No Faustian Bargains

  Tomorrow marks the 250th anniversary of the birth of Johann Wolfgang von Goethe, Germany's greatest poet and writer. All across Germany celebrations are being held in his honor, featuring readings of his work, performances of his plays, and films based on his work. The one work of literature for which Goethe is best known is Faust, which retells a legend exploring the moral limits of human power. Today, two hundred years after he wrote it, Faust seems eerily prophetic: Never before have these themes been more timely. The Faust legend goes back many centuries, and tells the story of a man who yearns for infinite knowledge and god-like power. Eventually, Faust turns to black magic and makes a pact with the devil, known in the play as Mephistopheles. Mephistopheles grants Faust the knowledge he craves--in exchange for his soul. That's where we get the phrase "to make a Faustian bargain." In earlier versions of the legend, Faust is damned to hell for his Promethean overreaching, his yearning to "be like God, knowing good and evil," as the serpent put it in the Garden of Eden. "Faust covets divine status," explains literary critic Roger Shattuck, and in the end he is suitably punished. But surprisingly, in Goethe's version, Faust is not condemned but goes to heaven. In other words, Goethe "calmly usurps the Lord's role and reverses the verdict," as Shattuck writes. "Here is our modern Adam, raised up to heaven by a chorus of angels for conduct more proud and defiant than what earned the original Adam banishment from paradise." The message is that there is no forbidden knowledge, nothing beyond human reach--even if it costs us our soul. Goethe has reversed the very essence of the story. He has abandoned the classical view that knowledge has a moral dimension and that it can sometimes cost us our humanity. This classical perspective looks back to Adam and Eve, whose grasping for the knowledge of good and evil meant disobedience, and ultimately death. The same view is conveyed in myths like the story of Pandora's box. It was expressed by one of Goethe's own contemporaries, Mary Shelley, in her classic novel Frankenstein, where an attempt to play God creates a monster who comes back to haunt its human creator. By contrast, with Goethe we begin to see a distinctively modern view: that the search for knowledge is sacrosanct and should not be limited in any way--not even by moral considerations. Scientific progress is the new summum bonum, which trumps all other values: If an experiment can be done, you can bet that eventually it WILL be done. Modern science has unleashed first the atom and now the gene, yet we rarely hear anyone ask, What price will we pay for these technologies? Ours is a Faustian generation if there ever was one. We need to help people to see that certain kinds of experiments may in the end destroy our humanity. Why not read Goethe's play for yourself, to better understand the intellectual challenges we face today. Faust may help us understand what we are up against, in an age ready to sell its own soul in exchange for scientific knowledge.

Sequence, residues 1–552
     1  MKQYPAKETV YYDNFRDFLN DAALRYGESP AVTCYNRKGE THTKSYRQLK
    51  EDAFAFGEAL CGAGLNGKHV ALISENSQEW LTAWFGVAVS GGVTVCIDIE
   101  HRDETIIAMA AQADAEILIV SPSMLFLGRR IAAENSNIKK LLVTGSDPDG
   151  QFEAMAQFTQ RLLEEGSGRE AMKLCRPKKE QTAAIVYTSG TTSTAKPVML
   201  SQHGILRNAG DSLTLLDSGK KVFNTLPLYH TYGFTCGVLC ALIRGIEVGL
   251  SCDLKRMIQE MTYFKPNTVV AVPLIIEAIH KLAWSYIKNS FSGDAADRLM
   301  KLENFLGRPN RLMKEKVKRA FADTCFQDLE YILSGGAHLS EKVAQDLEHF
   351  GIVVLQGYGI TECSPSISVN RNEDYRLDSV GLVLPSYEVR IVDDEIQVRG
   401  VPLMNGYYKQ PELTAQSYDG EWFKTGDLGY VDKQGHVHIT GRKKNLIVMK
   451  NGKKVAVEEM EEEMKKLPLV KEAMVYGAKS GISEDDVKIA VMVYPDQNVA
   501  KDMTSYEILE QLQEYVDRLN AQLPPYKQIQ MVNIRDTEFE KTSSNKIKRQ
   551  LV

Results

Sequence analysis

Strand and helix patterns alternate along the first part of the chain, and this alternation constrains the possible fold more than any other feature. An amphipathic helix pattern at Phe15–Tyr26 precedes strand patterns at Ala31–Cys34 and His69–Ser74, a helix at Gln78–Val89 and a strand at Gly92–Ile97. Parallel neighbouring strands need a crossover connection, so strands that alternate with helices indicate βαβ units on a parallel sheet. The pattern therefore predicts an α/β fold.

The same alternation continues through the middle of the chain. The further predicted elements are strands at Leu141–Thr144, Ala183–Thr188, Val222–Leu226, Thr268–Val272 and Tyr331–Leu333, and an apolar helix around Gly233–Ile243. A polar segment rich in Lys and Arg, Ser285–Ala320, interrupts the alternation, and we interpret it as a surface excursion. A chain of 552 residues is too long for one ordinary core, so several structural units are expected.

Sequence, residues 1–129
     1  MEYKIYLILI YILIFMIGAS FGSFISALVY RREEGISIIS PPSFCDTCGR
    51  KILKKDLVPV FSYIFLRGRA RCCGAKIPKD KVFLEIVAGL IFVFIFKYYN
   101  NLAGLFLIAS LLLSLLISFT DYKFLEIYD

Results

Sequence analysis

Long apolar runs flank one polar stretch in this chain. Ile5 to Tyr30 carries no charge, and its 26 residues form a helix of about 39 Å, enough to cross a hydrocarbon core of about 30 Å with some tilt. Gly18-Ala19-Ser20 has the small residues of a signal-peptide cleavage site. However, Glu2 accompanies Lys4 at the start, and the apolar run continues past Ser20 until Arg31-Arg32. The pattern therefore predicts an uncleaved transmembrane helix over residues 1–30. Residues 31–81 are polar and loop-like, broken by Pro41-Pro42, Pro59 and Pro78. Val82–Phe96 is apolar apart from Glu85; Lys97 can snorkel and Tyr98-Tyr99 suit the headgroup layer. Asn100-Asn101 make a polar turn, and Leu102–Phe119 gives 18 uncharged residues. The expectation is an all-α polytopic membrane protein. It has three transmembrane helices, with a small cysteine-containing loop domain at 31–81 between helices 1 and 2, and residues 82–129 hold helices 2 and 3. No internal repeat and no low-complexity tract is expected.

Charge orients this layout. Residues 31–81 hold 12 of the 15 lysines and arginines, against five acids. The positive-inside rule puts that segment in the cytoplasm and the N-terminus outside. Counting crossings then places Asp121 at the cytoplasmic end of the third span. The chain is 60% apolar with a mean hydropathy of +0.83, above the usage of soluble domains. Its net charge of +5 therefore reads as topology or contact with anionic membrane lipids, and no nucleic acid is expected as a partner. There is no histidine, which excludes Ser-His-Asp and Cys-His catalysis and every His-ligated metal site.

Chuck Colson



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